Abney v. Commissioner of Social Security

Filing 12

REPORT AND RECOMMENDATIONS: The Commissioner's non-disability finding be vacated; no finding be made as to whether Plaintiff Brittany Abney was under a "disability" within the meaning of the Social Security Act; this matter be REMANDE D to the Social Security Administration under sentence four of 42 U.S.C. § 405(g) for further consideration consistent with this Report and Recommendations, and any decision adopting this Report and Recommendations; and the case be terminated on the Court's docket. Objections to R&R due by 2/22/2018. Signed by Magistrate Judge Sharon L. Ovington on 2/8/2018. (lk)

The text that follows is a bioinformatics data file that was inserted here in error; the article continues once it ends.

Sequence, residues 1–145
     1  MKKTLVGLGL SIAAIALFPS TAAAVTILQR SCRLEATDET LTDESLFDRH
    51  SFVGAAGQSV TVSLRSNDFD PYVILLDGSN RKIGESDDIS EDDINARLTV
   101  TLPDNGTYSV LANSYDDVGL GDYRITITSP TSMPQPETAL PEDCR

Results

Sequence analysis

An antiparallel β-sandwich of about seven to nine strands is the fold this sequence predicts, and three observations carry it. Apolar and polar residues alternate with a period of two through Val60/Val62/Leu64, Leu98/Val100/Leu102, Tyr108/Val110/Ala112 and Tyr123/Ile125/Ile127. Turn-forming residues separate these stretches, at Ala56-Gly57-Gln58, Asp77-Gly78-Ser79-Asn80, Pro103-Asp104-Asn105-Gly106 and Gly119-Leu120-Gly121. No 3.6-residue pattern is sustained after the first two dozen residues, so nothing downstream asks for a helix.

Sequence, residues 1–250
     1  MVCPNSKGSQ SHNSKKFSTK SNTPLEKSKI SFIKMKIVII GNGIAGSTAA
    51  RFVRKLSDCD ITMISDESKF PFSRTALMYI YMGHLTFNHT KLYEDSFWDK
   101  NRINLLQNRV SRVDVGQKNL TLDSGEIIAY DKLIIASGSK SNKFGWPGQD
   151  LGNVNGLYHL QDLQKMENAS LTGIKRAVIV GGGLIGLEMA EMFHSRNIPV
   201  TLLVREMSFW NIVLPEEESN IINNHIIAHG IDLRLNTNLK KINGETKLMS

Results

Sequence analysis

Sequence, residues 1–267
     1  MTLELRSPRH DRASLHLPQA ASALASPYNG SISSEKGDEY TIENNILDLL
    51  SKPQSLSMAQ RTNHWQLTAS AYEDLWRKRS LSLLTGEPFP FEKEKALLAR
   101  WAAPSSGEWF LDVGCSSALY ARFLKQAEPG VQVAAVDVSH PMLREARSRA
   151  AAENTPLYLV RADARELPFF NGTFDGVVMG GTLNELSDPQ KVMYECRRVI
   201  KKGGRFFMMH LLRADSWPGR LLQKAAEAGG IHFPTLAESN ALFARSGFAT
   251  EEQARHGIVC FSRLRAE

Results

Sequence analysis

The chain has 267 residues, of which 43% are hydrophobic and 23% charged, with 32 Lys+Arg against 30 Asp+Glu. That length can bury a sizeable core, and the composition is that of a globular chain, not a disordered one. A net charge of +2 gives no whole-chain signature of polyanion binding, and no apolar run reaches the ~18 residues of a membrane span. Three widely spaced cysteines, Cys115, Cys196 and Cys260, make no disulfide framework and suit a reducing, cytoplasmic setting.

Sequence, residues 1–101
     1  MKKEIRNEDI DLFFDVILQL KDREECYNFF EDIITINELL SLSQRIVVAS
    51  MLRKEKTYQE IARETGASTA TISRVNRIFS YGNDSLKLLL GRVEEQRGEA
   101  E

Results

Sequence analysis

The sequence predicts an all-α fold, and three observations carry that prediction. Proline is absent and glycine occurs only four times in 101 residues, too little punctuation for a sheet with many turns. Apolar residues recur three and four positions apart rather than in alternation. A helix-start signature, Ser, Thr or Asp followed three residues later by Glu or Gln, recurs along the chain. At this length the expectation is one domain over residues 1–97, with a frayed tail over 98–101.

Download PDF